The National Election Committee yesterday kicked off the 15-day trial of its new electronic voting registration system at 25 stations throughout the country.
NEC spokesman Hang Puthea said that the registration test plans to enrol about 30,000 people, though those people will have to register again when the completed system goes live in early 2016.
NEC deputy director Kuy Bunroeun said yesterday that the new form of registration will rely more on photographs and fingerprints, to prevent ineligible people from enrolling, reduce multiple registrations of a single voter and make the whole process more transparent.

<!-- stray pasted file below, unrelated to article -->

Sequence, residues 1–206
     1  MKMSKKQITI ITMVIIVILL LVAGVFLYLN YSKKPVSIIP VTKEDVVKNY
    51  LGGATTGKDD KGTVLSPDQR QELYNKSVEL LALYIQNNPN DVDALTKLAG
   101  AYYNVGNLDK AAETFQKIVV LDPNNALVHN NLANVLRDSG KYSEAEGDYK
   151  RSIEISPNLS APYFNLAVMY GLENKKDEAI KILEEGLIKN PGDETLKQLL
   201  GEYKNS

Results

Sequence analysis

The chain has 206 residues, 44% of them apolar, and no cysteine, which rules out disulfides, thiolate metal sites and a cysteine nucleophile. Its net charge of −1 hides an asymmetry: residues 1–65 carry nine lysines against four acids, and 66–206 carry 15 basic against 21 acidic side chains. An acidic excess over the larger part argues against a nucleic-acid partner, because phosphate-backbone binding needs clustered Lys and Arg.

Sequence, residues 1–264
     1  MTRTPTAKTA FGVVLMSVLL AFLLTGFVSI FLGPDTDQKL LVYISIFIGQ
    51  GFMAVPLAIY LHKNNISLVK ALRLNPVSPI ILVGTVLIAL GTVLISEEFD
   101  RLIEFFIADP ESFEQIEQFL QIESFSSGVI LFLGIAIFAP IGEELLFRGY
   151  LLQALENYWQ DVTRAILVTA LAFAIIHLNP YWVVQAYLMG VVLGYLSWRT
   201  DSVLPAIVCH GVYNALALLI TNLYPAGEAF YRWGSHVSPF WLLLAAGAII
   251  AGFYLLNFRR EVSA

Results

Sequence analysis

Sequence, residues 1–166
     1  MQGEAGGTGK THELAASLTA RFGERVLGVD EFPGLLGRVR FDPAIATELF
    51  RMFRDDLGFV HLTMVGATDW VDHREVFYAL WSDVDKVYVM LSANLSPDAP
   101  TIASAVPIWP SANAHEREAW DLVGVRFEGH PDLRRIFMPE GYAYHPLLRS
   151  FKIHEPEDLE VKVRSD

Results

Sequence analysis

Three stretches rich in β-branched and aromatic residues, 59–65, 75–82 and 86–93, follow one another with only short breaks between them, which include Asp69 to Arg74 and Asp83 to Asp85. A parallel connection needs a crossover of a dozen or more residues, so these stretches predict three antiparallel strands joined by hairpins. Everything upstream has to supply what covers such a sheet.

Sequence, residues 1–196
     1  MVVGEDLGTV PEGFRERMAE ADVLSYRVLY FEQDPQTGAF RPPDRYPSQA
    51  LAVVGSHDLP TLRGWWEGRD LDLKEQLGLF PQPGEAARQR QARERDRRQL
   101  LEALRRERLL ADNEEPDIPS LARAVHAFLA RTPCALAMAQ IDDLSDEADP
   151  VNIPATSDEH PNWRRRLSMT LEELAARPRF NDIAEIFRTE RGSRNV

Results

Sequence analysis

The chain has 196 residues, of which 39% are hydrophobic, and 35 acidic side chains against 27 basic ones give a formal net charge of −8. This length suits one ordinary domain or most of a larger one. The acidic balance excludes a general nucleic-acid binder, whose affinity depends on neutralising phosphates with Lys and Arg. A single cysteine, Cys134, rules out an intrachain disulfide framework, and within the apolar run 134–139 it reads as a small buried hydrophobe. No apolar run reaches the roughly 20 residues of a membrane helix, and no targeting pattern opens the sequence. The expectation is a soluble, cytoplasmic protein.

Lun Chheng Kai, director of the Phnom Penh Municipal Election Commission, said that the test will help demonstrate the benefits of electronic enrolment and work out kinks in the process.
For example, he said, it’s hard for the machines to read thumbprints when potential voters already had ink on their fingers from marking registration receipts.
Prospective voters also complained that there are still too many papers to fill out, making the process time-consuming, especially when all the registrants have to wait in line for a single computer.
“What I worry is that when the real registration comes, we need to arrange the place properly, since some places are too narrow, so we have to think about this as well."
So Maly, 48, who participated in the test, said that computerised registration is more convenient, and makes her more confident as a voter.
“The new system is easier and faster; it looks sophisticated and less complicated,” she said.